Paul Jackson is a political economist working predominantly on conflict and post-conflict reconstruction. A core area of interest is decentralisation and governance and it was his extensive experience in Sierra Leone immediately following the war that led him into the area of conflict analysis and security sector reform. He is currently Director of the GFN-SSR which engages him in wide ranging policy discussion with donor agencies engaged in these activities, including various European Governments, the EU, the UN and the World Bank as well as the UK Government.
In addition Paul was also Head of the School of Government and Society till July 2010 where managed five academic departments and some 200 staff across political science and international studies, local government studies, sociology, Russian and European studies and international development.
Paul also works in several overseas locations including Rwanda, Uganda, Sierra Leone, Zimbabwe, Iraq, Butan, India and China amongst others, and is an experienced aid evaluator as well as governance and conflict analyst.
The basic question I am interested in is the creation, destruction and reconstruction of states, particularly in Africa. The focus of a lot of my current work has been on the following:
The nature of the liberal state and the politics of liberal state-building in post-conflict situations.
Security sector reform and the relationship between security and development.
External intervention in security issues, particularly US security policy towards Africa and AFRICOM.
Governance and security.
I also have a history of working on public administration and the relationships between public and private sectors
Current and recent projects
Saving Humans: Risk, Intervention, Survival
'Saving Humans' is an innovative and timely theme which consolidates existing University research agendas, provides opportunities for creating novel and exciting partnerships, transcends divides between arts, social sciences and natural sciences and, most importantly, addresses broader issues of social, political and moral concern for humanity’s future.
Theme Leaders: Professor Heather Widdows, Professor Paul Jackson and Professor Nick Wheeler.
Jackson, P (2009) ‘'Negotiating with ghosts’: Religion, conflict and peace in Northern Uganda’, The Round Table: The Commonwealth Journal of International Affairs, Issue 402, June 2009. Pp.319-332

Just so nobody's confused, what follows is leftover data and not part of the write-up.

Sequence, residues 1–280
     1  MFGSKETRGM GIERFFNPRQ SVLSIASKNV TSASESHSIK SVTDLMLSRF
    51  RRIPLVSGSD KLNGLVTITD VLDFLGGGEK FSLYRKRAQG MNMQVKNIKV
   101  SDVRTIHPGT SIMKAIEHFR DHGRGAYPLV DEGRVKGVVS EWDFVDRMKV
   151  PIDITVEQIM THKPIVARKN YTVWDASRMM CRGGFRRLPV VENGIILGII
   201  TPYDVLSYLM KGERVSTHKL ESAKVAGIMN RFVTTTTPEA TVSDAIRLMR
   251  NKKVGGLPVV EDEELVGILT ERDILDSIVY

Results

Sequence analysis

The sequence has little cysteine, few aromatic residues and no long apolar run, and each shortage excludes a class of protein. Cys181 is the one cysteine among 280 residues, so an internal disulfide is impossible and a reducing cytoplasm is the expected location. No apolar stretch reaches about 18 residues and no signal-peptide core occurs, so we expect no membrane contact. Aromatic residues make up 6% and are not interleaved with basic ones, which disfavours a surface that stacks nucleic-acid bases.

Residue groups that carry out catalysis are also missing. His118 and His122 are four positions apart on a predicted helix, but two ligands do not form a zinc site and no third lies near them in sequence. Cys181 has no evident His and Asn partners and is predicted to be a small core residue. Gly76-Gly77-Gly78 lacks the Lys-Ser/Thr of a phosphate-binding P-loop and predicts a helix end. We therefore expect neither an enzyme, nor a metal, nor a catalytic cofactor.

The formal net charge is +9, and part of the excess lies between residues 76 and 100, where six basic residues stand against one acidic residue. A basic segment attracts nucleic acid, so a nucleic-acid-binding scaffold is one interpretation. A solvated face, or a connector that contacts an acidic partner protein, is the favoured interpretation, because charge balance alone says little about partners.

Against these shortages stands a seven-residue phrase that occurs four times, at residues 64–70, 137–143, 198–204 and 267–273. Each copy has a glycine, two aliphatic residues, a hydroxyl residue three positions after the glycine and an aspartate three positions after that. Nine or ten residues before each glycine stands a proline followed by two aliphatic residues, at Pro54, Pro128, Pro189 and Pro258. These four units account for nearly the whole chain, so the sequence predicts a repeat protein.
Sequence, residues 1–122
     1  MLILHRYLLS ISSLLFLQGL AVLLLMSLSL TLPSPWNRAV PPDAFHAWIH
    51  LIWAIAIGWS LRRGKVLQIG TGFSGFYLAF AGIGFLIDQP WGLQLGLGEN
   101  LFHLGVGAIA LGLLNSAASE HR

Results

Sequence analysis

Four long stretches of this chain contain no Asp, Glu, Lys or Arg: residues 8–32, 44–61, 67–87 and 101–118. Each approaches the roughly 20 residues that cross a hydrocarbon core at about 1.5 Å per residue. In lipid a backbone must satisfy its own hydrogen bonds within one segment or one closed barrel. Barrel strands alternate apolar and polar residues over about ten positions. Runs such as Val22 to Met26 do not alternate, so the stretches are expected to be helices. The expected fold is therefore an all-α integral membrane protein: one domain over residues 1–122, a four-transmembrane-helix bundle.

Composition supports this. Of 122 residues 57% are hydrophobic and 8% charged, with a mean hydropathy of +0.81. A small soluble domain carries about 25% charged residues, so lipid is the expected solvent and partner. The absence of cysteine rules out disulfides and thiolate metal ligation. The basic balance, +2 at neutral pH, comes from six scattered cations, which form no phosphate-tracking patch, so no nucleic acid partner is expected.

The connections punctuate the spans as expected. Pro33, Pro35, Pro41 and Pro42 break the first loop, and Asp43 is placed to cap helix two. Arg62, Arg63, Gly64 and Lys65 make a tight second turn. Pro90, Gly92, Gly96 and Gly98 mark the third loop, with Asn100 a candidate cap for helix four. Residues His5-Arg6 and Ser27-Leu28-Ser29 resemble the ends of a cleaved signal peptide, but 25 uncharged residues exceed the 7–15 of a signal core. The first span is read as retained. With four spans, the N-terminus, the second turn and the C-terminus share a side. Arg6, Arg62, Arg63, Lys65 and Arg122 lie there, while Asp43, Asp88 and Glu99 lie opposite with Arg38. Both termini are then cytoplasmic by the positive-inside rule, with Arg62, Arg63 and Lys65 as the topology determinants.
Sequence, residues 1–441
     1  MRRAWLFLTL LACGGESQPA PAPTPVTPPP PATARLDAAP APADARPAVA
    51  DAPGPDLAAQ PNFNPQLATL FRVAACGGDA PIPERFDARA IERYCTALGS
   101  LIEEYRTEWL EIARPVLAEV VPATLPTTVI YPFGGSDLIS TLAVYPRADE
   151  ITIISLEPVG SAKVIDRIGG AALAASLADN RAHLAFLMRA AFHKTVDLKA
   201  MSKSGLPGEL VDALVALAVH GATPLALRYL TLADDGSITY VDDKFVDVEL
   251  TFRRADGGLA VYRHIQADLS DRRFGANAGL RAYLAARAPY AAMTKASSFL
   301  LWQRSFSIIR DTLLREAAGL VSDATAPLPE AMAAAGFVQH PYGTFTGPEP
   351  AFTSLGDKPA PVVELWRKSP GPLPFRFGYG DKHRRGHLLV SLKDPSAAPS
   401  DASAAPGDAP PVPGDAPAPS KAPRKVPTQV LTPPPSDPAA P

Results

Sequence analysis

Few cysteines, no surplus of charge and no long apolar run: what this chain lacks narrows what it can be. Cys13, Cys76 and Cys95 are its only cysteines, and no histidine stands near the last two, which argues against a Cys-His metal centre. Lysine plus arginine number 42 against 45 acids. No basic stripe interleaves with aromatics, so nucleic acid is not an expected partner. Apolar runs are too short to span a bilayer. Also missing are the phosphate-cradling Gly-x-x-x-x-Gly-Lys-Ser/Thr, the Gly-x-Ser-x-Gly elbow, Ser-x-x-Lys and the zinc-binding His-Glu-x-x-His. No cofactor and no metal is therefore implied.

Jackson, P (2009) ‘Mars, Venus or Mercury: AFRICOM and America’s Ambiguous Intentions’, Contemporary Security Policy, Volume 30, Issue 1, April 2009, Pp. 1-4.
Jackson, P (2009) ‘Mission and Pragmatism in US security policy in Africa’, Contemporary Security Policy, Volume 30, Issue 1, April 2009. Pp. 45-49.
Jackson, P (2007) ‘Reshuffling the deck? The politics of decentralisation in Sierra Leone’, African Affairs, January 2007, 106: 95-111
African Affairs is the premier journal on African and is the journal of the Royal African Society and African Studies Association. This is a high prestige article that has led to further research funding, along with article 4, below.
Jackson, P (2007) ‘Are Africa’s wars part of a fourth generation of warfare?’ Contemporary Security Policy, August 2007, 28 (2): 267-285
This article is one of a series of three articles being published during 2007 on the links between African conflicts and theories of warfare. CSP is the leading Journal in this field and is published in the US, so has a global impact. The editor described my piece as ‘an important theoretical contribution to bringing Africa back in to debates about war’.
Jackson, P (2005) ‘Chiefs, Money and Politicians: Rebuilding Local Government in Sierra Leone’, Public Administration and Development, 25, 2005. Pp.49-58
PAD is a high-impact journal and is in the top rank of journals in development. It is the main journal dealing with public administration. This article is in the top 50 downloaded articles of the journal between January 04 and August 06.
Jackson, P (2002) Business Development in Asia and Africa, Palgrave (2002)
This book remains the only comprehensive study of business development agencies in Africa and Asia and their influence on economic development. The book was described by DFID’s head of industrial development as ‘the most useful book in the field’